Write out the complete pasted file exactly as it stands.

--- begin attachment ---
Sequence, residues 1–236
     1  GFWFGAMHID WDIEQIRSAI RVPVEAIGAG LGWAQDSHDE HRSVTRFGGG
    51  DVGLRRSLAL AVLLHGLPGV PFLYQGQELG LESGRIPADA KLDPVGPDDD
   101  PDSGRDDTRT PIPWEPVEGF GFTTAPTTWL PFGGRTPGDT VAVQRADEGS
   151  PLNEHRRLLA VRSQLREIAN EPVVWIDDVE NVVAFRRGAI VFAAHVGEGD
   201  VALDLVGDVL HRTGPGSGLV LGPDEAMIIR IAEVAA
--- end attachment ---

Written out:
Sequence, residues 1–236
     1  GFWFGAMHID WDIEQIRSAI RVPVEAIGAG LGWAQDSHDE HRSVTRFGGG
    51  DVGLRRSLAL AVLLHGLPGV PFLYQGQELG LESGRIPADA KLDPVGPDDD
   101  PDSGRDDTRT PIPWEPVEGF GFTTAPTTWL PFGGRTPGDT VAVQRADEGS
   151  PLNEHRRLLA VRSQLREIAN EPVVWIDDVE NVVAFRRGAI VFAAHVGEGD
   201  VALDLVGDVL HRTGPGSGLV LGPDEAMIIR IAEVAA